As a new parent, you'll likely obsess about every aspect of your baby's sleep—including what they wear to bed. It's not as simple as grabbing the cutest pair of footie pajamas in their closet. Your little one's outfit must help them maintain the proper temperature throughout the night. Plus, choosing an unsafe option might increase the risk of suffocation or strangulation.
Wondering what a baby should wear while sleeping? Whether it's summer, winter, or somewhere in between, we rounded up expert tips you need to know. (Now if you could only get them to sleep through the night!)
When a baby sleeps, you should make sure their body maintains an ideal temperature. Too-hot environments can lead to overheating, which is especially dangerous for babies because it's been linked to sudden infant death syndrome (SIDS). On the other hand, too-cold temperatures can also be dangerous and uncomfortable.
Simply judging how you feel in the nursery or bedroom isn't necessarily the best indicator. A good rule of thumb is that babies should wear one additional layer than what you'd be comfortable wearing in the same environment.
"Your baby should be in one more layer than you sleep in," says Nicole Cannon, owner of Sleepy Mama Sleep Consulting and a certified member of the Association of Professional Sleep Consultants.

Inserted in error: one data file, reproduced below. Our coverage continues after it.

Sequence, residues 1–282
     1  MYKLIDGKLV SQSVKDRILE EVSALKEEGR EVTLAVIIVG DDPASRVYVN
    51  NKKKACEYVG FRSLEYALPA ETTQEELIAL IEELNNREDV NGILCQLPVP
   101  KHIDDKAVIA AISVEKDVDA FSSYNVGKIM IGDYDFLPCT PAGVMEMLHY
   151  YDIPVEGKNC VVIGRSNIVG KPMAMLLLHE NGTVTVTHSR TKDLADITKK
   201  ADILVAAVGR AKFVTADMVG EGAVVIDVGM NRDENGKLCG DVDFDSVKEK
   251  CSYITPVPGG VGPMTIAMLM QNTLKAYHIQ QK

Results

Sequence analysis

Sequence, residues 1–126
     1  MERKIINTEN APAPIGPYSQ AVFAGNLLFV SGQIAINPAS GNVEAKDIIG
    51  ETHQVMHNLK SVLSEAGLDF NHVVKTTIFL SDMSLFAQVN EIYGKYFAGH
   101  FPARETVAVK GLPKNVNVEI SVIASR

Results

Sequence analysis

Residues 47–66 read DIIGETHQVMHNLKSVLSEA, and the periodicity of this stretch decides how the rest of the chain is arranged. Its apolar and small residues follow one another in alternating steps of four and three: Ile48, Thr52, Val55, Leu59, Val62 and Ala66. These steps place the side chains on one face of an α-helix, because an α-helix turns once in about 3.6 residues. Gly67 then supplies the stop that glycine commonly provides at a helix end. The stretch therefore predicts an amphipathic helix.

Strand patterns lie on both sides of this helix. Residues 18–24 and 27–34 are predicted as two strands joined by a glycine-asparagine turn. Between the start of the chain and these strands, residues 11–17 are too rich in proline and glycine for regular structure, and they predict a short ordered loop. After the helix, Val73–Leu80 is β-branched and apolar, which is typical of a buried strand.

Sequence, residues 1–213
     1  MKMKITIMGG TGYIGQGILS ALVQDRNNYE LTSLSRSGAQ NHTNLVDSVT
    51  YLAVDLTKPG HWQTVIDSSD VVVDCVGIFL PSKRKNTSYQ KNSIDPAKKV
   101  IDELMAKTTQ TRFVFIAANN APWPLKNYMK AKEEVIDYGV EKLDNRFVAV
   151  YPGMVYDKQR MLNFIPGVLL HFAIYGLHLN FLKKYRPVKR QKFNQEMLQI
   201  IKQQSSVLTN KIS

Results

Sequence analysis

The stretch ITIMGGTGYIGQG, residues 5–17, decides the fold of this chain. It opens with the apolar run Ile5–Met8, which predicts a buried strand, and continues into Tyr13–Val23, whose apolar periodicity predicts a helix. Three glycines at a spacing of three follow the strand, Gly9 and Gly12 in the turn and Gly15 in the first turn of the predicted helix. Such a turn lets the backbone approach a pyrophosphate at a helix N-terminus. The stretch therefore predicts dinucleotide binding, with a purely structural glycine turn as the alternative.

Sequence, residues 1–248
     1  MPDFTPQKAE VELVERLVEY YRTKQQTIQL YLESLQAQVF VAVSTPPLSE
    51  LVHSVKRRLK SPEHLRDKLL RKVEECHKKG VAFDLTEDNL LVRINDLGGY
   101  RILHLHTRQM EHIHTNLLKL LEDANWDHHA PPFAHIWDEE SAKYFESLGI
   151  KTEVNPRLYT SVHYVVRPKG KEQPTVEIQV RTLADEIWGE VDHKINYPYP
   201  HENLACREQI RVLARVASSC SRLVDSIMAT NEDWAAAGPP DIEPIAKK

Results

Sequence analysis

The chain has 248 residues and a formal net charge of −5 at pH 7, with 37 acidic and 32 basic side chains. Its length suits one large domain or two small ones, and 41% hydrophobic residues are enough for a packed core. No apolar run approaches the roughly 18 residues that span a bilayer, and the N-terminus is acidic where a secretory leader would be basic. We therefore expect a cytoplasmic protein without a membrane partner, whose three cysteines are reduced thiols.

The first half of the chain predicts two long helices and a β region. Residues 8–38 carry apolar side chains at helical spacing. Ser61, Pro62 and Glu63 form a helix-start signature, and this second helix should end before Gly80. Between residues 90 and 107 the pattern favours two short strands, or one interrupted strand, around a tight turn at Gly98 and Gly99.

One or two fitted layers works well in most situations, adds Lisa Ehl Lewis, MD , a pediatrician in Fort Worth, Texas. "Babies often sleep in a fitted onesie with sleep pants. If your home is cold, add an extra layer," she says. This extra layer can be a receiving blanket if swaddling, or a wearable sleep sack if the room is extra chilly.
Speaking of the temperature, are wondering how to set the thermostat? "The consensus among sleep experts is between 68-72 degrees" Fahrenheit, says Cannon.
SIDS Prevention Tips
To reduce the risk of sudden infant death syndrome (SIDS), you shouldn't put anything in a baby's crib until they're at least 1 year old, including blankets, pillows, and stuffed animals. Also avoid using any head covering on your baby while they're sleeping. Infants should always sleep on their backs alone on a flat sleep surface.
On warm nights, opt for lightweight, breathable sleep clothes for your baby. One acceptable option is a cotton bodysuit. You can also choose a cotton or muslin swaddle for newborns.
"When it's warm outside, I typically do long cotton pajamas and a 1.0 TOG sleep sack or 0.5 if it's really warm," says Cannon. TOG refers to the "thermal overall grade" of the garment or fabric; the higher the TOG, the warmer the fabric.
Also, despite the warm temperature, you want to avoid clothing that's super loose. This can increase the risk of SIDS, as loose clothes can cover your baby's nose and mouth, impacting their ability to breath.